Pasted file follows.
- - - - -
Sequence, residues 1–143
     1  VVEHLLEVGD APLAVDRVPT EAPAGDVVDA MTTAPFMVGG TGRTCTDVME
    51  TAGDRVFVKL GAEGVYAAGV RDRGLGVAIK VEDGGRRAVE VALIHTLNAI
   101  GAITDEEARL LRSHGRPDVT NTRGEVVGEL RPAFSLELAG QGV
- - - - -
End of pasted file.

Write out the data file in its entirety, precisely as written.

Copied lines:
Sequence, residues 1–143
     1  VVEHLLEVGD APLAVDRVPT EAPAGDVVDA MTTAPFMVGG TGRTCTDVME
    51  TAGDRVFVKL GAEGVYAAGV RDRGLGVAIK VEDGGRRAVE VALIHTLNAI
   101  GAITDEEARL LRSHGRPDVT NTRGEVVGEL RPAFSLELAG QGV